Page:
“I was in such denial,” Mr. Rubenoff said. “On the one hand, I was doing everything I could to save [Mr. Vultaggio] money. On the other hand, I thought, ‘I work hard, I deserve it,’ though I didn’t.”
In February 2008, Mr. Rubenoff was arrested and thrown into Nassau County jail. He pleaded guilty and repaid $450,000, and DV Capital took a lien on a commercial building that Mr. Rubenoff and his family own. He was transferred to the Groveland Correctional Facility in upstate New York, where inmates live in dorms and can move around freely.
“It looked like a college campus,” Mr. Rubenoff said. He walked four to five miles a day, lifted weights and dropped 100 pounds. The hardest part was not seeing his then-14-year-old daughter, who was angry and stayed away.
Sentenced to two and one-third to seven years, he was granted parole his first time before the board after serving the minimum. “I felt sorry, but I had it in the back of my mind that I didn’t hurt anyone,” he said. “I didn’t take some 90-year-old widow’s money and she’s out on the street. I took a billionaire’s money. But these were people who were good to me, and I abused and broke their trust.”
A fellow inmate introduced Mr. Rubenoff to a rabbi who approached Martin Cohen on his behalf. Mr. Cohen hired him to take his wife and mother on errands, then eventually moved him to the accounting office. “Martin is an amazing person, a giver,” said Mr. Rubenoff, a nonobservant Jew and CPA’s son who grew up in Mill Basin, Brooklyn. “He took me in without judgment, without question.”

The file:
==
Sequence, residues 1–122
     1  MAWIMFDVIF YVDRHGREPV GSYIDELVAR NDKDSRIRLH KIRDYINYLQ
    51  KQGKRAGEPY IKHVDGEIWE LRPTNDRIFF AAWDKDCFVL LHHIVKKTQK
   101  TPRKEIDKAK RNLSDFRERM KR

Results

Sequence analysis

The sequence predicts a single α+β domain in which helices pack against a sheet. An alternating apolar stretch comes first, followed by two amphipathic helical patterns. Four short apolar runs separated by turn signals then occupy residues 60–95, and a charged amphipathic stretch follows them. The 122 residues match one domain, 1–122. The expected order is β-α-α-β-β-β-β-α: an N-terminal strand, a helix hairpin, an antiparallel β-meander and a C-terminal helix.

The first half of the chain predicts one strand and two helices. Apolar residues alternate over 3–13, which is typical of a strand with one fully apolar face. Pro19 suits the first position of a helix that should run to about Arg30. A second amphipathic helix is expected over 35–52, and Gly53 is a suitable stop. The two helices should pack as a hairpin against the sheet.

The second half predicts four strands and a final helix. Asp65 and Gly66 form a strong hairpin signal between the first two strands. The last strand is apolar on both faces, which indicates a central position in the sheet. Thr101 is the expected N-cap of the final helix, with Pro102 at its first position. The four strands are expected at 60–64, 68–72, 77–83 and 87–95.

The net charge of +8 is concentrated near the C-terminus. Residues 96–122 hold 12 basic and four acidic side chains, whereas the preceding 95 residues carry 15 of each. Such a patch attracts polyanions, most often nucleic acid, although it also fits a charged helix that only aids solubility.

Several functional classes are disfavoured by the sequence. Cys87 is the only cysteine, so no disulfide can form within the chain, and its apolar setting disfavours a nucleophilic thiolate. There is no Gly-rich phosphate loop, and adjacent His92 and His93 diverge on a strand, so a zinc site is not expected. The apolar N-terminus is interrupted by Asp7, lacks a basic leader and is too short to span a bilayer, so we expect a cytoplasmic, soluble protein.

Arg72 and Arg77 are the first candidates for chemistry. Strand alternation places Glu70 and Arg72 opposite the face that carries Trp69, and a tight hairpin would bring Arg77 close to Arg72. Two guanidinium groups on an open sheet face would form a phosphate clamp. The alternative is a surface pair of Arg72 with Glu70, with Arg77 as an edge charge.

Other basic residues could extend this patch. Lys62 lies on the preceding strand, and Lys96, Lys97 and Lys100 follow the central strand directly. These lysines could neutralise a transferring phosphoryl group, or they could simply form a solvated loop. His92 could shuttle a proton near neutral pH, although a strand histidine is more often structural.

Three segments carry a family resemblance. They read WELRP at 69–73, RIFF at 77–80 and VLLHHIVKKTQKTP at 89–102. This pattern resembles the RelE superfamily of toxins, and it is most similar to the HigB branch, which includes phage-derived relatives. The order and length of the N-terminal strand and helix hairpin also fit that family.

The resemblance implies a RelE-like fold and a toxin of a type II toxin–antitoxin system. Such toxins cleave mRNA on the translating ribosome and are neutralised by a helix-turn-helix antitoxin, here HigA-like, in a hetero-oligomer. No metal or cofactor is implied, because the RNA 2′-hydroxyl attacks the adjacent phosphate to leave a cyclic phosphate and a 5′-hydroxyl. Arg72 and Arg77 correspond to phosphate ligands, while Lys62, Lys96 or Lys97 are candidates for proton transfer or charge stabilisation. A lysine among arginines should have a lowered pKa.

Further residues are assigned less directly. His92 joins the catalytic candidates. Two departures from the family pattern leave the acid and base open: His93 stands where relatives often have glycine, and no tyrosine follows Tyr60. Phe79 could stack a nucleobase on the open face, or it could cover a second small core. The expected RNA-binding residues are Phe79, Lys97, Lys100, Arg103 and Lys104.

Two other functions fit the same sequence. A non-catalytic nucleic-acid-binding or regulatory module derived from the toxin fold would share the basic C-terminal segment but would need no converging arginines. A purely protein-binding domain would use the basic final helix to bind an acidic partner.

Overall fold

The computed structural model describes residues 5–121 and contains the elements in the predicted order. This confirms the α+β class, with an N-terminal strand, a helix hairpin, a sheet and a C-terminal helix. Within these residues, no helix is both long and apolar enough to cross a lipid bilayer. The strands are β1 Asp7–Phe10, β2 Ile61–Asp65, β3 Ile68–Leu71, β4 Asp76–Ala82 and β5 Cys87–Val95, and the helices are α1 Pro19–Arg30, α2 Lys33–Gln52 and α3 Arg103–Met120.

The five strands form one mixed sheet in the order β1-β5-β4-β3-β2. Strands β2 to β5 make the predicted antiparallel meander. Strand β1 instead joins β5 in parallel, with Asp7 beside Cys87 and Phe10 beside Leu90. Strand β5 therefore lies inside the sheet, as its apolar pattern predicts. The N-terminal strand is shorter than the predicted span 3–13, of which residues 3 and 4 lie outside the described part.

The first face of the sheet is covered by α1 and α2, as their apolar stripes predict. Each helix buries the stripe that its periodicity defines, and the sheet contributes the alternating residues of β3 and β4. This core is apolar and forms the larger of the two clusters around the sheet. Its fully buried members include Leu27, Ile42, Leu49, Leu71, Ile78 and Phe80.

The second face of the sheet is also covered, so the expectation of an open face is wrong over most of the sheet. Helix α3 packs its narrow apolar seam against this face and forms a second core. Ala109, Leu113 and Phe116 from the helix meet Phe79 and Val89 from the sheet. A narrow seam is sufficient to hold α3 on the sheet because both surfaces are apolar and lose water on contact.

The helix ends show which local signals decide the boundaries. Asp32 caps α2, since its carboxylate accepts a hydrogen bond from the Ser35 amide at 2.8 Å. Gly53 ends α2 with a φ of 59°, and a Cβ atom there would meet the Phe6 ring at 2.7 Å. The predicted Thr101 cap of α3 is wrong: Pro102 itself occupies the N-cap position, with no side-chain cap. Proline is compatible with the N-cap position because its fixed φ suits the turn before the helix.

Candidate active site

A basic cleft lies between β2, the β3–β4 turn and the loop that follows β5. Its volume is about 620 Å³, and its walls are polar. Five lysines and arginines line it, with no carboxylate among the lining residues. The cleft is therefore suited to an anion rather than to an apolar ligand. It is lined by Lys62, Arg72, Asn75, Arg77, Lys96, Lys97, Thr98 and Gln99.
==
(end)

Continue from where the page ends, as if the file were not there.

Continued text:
Mr. Rubenoff’s lifestyle is far more modest than it once was. The waterfront apartment he once rented in Nyack has been replaced with a room in his sister’s Staten Island townhouse, and the Cadillac is now an MTA bus. He’s dating again, and he says he always tells women the truth about his past, because he knows they’re just one Google search away from finding out anyway. He says his 20-year-old daughter has forgiven him for the damage he caused to their family, and they are once again close. “I just want what everyone else wants,” he said. “My own apartment, a car, a relationship.”
“I don’t need to be the show-off I once was,” he said. “I don’t have to fly first class.”
Mr. Cohen believes that Mr. Rubenoff is a low risk for further misdoings. “Would someone in his mid-50s who went through what he went through and is out now for a couple of years want to risk going back to prison?” Mr. Cohen asked.